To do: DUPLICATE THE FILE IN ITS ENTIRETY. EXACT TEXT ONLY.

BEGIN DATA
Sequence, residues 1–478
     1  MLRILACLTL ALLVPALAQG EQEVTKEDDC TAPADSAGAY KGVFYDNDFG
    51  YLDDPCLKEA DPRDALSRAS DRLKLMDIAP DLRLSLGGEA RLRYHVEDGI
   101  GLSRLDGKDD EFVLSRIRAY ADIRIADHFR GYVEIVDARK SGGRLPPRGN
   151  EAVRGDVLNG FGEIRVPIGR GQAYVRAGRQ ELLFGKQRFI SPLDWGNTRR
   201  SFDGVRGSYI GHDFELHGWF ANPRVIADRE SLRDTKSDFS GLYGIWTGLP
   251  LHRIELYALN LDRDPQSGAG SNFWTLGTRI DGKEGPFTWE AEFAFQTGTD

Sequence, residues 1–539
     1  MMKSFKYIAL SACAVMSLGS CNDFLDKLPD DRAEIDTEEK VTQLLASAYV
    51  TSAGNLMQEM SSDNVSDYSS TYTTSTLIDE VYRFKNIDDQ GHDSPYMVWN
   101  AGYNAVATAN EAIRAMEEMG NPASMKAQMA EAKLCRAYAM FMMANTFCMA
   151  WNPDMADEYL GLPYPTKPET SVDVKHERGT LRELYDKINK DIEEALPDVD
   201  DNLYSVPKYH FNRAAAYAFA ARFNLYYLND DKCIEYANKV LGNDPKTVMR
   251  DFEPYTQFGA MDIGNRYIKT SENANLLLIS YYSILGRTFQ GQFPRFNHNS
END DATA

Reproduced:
Sequence, residues 1–478
     1  MLRILACLTL ALLVPALAQG EQEVTKEDDC TAPADSAGAY KGVFYDNDFG
    51  YLDDPCLKEA DPRDALSRAS DRLKLMDIAP DLRLSLGGEA RLRYHVEDGI
   101  GLSRLDGKDD EFVLSRIRAY ADIRIADHFR GYVEIVDARK SGGRLPPRGN
   151  EAVRGDVLNG FGEIRVPIGR GQAYVRAGRQ ELLFGKQRFI SPLDWGNTRR
   201  SFDGVRGSYI GHDFELHGWF ANPRVIADRE SLRDTKSDFS GLYGIWTGLP
   251  LHRIELYALN LDRDPQSGAG SNFWTLGTRI DGKEGPFTWE AEFAFQTGTD

Sequence, residues 1–539
     1  MMKSFKYIAL SACAVMSLGS CNDFLDKLPD DRAEIDTEEK VTQLLASAYV
    51  TSAGNLMQEM SSDNVSDYSS TYTTSTLIDE VYRFKNIDDQ GHDSPYMVWN
   101  AGYNAVATAN EAIRAMEEMG NPASMKAQMA EAKLCRAYAM FMMANTFCMA
   151  WNPDMADEYL GLPYPTKPET SVDVKHERGT LRELYDKINK DIEEALPDVD
   201  DNLYSVPKYH FNRAAAYAFA ARFNLYYLND DKCIEYANKV LGNDPKTVMR
   251  DFEPYTQFGA MDIGNRYIKT SENANLLLIS YYSILGRTFQ GQFPRFNHNS